Science and Gender with Paul Grossi, Pt. 2

In my previous post I wrote about an interview I had with Paul Grossi, a teacher at an all-girls middle school. We talked about a lot of stuff, but last week I wrote about learning differences between boys and girls in the sciences, so this time I’ll write about the gender gap later on in the scientific community and why it’s important to reduce that gap.

In physics especially, there’s a huge gender gap – I won’t offer much evidence for that now, but there’s a lot of it out there and I’m sure it’ll be a topic that I write more about. For now, I’ll just give you this chart from the NSF (I found it in an article by Kate Sheppard):

  That’s pretty egregious. I can even see the gender gap in my twitter feed, where I try to follow as many scientists as possible, and yet I still end up reading mostly posts from men. Gender politics are a big deal in the sciences nowadays, and the gender gap is shrinking, but it still needs work. The thing that really opened Paul’s eyes about this issue was a talk with Cindy Blaha, a professor at Carleton College, wherein she talked about her grad school experience and how the people in charge of science programs tended to be “dinosaur old men.” I have a class with Cindy, an astrophysics class that happens to be all-girls, and she has mentioned in class that when she first got hired at Carleton, the chair of the department was wary of her because she is a woman (and an astronomer – there’s a bit of a feud between astronomers and astrophysics – it’s kinda like Australia vs. New Zealand).

As an aside, this also ties in with the story of Kiara Wilmot, a story I’ve been harping on because I think it’s a really important example. If a boy had been performing a science experiment in the school field and had caused a small explosion (with no damage and no injuries), would he have been arrested and expelled? Or would it just be a “boys will be boys, no harm no foul” kind of situation? I don’t know, but the fact that it’s even a viable question is concerning.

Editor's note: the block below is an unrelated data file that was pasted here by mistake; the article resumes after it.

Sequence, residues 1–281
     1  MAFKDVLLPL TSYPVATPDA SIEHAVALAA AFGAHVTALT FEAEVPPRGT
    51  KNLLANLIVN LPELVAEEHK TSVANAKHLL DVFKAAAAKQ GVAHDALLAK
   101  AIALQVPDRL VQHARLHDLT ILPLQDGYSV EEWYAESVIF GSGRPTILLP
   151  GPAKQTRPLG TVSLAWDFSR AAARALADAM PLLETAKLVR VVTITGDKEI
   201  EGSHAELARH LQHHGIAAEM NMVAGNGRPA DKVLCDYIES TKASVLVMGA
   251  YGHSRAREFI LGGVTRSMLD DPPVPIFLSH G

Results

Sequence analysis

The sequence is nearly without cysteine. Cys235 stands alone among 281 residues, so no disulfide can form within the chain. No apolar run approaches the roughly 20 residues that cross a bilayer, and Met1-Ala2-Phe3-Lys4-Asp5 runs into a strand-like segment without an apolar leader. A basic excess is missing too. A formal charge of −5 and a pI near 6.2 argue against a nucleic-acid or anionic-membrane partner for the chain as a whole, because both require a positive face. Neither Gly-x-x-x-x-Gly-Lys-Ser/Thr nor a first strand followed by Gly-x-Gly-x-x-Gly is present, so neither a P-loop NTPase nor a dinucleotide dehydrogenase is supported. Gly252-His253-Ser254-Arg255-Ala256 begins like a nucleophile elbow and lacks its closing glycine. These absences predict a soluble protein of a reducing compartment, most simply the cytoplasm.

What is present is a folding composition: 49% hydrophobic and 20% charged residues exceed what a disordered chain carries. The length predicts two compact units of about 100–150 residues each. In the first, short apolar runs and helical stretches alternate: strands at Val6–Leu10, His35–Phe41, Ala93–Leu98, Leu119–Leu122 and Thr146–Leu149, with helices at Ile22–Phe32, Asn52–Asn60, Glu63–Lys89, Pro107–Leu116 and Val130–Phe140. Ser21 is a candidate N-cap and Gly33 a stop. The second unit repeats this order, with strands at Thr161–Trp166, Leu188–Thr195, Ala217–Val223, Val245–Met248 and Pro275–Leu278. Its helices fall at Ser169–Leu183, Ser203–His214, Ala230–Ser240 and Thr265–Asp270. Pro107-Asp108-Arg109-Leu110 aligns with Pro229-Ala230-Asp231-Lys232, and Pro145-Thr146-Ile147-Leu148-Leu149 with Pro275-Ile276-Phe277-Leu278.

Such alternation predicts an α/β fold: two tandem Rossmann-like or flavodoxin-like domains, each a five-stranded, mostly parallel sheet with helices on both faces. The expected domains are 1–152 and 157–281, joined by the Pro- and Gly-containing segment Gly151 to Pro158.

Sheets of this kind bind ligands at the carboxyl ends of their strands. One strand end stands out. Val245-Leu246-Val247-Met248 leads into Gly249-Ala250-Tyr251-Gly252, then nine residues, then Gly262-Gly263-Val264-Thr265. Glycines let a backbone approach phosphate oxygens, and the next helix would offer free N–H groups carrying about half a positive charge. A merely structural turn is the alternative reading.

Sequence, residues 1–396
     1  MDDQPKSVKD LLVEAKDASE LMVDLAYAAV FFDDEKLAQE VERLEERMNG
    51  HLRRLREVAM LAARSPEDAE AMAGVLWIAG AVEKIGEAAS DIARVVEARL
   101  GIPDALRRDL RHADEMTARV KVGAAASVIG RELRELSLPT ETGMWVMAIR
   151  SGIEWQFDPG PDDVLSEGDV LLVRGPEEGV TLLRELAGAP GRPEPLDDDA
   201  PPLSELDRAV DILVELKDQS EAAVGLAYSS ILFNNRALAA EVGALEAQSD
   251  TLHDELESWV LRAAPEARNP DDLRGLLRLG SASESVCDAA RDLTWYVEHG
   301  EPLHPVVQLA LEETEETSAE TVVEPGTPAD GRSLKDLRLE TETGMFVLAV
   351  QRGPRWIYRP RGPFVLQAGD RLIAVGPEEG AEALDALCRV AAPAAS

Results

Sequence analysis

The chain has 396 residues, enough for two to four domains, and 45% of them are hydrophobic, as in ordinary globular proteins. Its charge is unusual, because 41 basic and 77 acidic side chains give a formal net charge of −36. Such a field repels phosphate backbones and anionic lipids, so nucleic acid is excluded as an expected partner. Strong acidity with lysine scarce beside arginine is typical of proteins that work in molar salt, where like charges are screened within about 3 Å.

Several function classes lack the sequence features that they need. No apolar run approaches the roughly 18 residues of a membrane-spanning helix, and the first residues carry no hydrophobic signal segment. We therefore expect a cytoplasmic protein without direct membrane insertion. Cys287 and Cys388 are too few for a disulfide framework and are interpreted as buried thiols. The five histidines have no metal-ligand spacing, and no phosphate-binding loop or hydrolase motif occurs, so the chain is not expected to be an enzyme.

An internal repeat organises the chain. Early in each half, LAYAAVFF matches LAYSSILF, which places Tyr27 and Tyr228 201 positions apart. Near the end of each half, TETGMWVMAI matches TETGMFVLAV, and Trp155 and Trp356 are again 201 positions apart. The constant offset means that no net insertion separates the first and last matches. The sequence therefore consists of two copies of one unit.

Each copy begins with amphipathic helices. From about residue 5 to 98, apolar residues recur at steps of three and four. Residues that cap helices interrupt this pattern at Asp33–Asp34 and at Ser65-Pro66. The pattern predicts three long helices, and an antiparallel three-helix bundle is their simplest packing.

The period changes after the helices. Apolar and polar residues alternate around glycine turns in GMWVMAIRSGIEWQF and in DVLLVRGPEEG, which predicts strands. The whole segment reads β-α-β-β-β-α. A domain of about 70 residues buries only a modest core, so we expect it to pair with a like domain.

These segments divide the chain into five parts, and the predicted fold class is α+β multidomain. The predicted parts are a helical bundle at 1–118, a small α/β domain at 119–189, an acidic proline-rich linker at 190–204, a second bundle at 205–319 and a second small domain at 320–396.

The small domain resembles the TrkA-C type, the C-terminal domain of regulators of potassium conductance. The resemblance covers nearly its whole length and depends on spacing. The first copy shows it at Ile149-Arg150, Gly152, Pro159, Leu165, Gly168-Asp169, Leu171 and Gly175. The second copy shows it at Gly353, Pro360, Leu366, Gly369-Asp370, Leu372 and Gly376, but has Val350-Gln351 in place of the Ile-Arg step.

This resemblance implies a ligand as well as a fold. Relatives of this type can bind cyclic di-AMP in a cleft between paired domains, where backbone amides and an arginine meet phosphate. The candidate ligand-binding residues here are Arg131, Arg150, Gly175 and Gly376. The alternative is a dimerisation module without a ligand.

One of the main reasons that I find inspiring kids about science so important is that we definitely do not have enough female leaders in the hard sciences – honestly, when I think about scientists I know of, both current and historical, I can only come up with a few women. As Paul said, “female leaders in science stand out” – they are extraordinary, but male leaders are common. One of the reasons for this that Paul pointed out is that “it is a generational change, and generational changes take time.” Women are far more visible in science now than they were 10 years ago, and far more so than 20 years ago. So part of closing the gender gap is a waiting game, but that’s not the whole thing and it’s not a free pass.

Another issue that is slowly changing is that, as Paul said, “there is no complete life as a researcher.” It’s hard to comfortably have research and enough money and a family, even as an educator or a government-funded researcher. This is an issue for all scientists, but even more so for women, who have few female leaders and are still viewed with less respect in some circles (and it’s damn near impossible to take maternity leave in the middle of a project or most jobs in science). Again, this is an issue that’s slowly shrinking, but it needs more work – as scientists become more valued in society, it will be easier for a scientist to have a complete life, and that shift will extend to women. We need to value our scientists, male and female, equally, and giving them job security and comfort is a larger societal change without a simple answer.

Like I said in my earlier post, the first way to continue working on fixing these issues and closing the gender gap is by getting kids excited about science, so that they will grow up to be adults who value science and scientists. It’s not only about the gender gap, either – it’s about putting things into context, understanding our place in the world, and allowing that understanding to influence our everyday decisions.

I’ll end this post with a great quote from my interview with Paul:

Different ways of seeing problems come from cultural background, including gender; you need a wide range of views to bring all the possible solutions together.


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